Nolan Hickman: I’m from Seattle, Washington. I live with my mom and dad and my two siblings, my sister and brother. Basketball has been my whole life ever since I was younger, you know, ever since I was pretty much born my dad put the ball in my hands. Ever since then I just ran with it...but I came a long way, though, you know? I haven't been on the “A-Team” all my life. I experienced some hardships being put on the B-team and just felt stuck like, you know...hurt...but I made it through. I’ve worked entirely hard for where I'm at right now. And I'm not gonna stop working until I get where I want to be, which is the NBA.

PI: What does your circle look like?

NH: The people I lean on the most are pretty much myself and family. My family plays a huge part in all of this. It's not just the people I live's my cousins, all of them. They’ve helped me tremendously, especially with what I'm starting with TheGiveBack Foundation. You know, being my age, it's a lot...with all the handling of everything and doing everything. So my cousins have played a huge role in taking ownership and trying to help me with this foundation. Also I lean on my brothers, Paolo [Banchero], Shane [Nowell] guys might know them, but I lean on them. My coach, Coach D. Hennings...that's my guy. I lean on him the most. He definitely has insight on what he's talking about. That's pretty much it.

PI: You created and ran your own basketball camp and you’re getting ready to unveil your foundation...can you share a bit about those endeavors?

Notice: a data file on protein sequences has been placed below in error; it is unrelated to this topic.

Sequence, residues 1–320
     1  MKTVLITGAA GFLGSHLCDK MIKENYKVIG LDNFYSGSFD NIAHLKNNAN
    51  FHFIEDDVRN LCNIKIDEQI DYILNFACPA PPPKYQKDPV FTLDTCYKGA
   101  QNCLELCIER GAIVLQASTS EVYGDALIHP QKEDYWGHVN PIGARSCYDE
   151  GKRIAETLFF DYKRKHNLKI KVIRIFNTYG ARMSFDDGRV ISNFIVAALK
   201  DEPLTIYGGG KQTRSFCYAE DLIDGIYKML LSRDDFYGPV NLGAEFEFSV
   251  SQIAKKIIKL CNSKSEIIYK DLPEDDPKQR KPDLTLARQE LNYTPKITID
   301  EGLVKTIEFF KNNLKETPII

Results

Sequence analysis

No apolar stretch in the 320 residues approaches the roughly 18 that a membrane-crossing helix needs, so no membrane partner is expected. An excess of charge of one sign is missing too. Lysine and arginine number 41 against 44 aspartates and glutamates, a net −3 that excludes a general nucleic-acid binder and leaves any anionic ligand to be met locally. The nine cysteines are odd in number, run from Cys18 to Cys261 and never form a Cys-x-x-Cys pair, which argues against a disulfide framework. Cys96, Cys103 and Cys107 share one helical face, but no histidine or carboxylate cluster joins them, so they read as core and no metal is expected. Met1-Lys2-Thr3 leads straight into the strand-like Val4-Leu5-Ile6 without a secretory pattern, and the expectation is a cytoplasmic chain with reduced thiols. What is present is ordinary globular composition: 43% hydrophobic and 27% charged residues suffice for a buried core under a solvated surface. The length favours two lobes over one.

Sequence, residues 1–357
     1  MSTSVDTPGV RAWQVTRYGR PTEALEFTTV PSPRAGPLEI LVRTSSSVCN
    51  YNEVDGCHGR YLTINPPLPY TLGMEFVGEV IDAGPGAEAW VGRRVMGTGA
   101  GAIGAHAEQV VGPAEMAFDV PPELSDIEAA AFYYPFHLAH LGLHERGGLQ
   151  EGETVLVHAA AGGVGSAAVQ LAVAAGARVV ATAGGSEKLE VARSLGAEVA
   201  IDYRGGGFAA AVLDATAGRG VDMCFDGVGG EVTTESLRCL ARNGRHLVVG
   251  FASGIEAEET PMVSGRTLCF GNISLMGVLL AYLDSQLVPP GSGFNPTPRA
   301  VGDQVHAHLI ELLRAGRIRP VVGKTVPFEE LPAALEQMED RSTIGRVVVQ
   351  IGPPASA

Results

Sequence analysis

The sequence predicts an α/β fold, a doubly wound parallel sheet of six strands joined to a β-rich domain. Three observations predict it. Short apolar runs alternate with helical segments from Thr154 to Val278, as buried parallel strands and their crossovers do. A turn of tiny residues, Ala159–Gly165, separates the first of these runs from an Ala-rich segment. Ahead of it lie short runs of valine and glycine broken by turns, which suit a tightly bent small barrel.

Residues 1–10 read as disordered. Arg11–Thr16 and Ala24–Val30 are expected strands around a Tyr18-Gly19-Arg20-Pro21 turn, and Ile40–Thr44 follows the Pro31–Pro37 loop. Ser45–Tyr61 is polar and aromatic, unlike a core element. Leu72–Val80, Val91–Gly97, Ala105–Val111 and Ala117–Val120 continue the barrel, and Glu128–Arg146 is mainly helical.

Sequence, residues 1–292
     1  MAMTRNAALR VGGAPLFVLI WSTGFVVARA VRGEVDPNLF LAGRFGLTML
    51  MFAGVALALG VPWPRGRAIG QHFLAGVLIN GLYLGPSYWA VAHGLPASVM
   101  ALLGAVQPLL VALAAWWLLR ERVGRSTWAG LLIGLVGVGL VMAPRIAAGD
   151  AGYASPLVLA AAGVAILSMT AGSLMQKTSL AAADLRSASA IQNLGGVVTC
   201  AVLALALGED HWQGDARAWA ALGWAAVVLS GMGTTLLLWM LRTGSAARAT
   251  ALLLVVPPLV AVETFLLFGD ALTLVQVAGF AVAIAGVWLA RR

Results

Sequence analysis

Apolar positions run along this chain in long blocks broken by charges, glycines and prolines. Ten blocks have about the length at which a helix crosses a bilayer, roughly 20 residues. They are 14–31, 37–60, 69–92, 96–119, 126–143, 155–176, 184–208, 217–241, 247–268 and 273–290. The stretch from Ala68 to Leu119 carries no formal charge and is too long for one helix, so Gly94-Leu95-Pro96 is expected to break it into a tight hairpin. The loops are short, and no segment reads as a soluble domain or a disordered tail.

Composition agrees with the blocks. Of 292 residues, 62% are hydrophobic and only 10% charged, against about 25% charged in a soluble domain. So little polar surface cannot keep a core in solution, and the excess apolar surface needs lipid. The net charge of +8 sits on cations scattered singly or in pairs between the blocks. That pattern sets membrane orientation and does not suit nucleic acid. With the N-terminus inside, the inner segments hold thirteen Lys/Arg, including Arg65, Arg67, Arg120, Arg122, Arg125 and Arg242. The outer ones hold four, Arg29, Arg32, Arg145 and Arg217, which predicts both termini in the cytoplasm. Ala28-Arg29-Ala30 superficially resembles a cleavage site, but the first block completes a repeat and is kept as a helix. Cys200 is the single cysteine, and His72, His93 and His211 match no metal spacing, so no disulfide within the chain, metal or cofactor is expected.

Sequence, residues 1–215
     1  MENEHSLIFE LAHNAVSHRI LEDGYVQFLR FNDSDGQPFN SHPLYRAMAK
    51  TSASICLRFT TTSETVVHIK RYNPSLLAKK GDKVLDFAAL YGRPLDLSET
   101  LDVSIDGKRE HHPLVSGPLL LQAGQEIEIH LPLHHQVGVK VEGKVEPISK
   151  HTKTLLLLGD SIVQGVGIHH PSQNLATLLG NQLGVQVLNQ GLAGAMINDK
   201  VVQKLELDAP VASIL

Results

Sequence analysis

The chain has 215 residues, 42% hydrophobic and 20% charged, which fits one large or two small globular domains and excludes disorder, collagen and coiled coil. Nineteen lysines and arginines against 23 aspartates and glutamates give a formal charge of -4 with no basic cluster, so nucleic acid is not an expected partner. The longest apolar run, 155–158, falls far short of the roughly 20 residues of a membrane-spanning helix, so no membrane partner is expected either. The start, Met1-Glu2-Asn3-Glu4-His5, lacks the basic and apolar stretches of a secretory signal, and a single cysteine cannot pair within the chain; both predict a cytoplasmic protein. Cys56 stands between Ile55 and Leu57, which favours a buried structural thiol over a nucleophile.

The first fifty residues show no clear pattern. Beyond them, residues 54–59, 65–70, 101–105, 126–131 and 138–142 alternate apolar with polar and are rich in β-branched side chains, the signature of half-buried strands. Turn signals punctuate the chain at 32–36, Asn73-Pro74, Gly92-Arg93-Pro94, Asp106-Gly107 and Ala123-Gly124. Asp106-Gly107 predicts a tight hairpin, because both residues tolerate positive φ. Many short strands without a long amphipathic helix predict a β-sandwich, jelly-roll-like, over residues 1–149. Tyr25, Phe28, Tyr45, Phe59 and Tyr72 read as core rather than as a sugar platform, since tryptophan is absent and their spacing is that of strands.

NH: Well, this all came about last summer. I went to the [Nike] Elite 100 Camp with Paolo and Shane, right? And I'm in the dorm and you know, I'm going through a day’s worth of full's really a full day of training, running drills, learning how to operate during training. So, I'm in the dorm, I'm just thinking, I'm like, “there ain't nobody my age doing camps like this or bringing something like this back to the town at least, you know?” So I'm like, “I think it'd be really dope if I brought all my guys my little Seattle and Tacoma hoopers if I was just to bring them all together and just form a camp.” I just thought it would be dope. So, I brought the idea to my parents as soon as I got back home. I'm like, “listen, this is what I want to do. I think it would be awesome.” And I don't do any of this for me none of this is for me. I just feel like seeing the kids because I was at that one point, as well I looked up to all the hoopers in Seattle, like let's say, like Zach LaVine, Baby Boy [Dejounte Murray], I looked up to all of them. I would question myself, like “do they even see me? Do they know how hard I’m working, at least?” So just for me giving back to the kids and for them to see that I'm watching them and looking over warms my heart.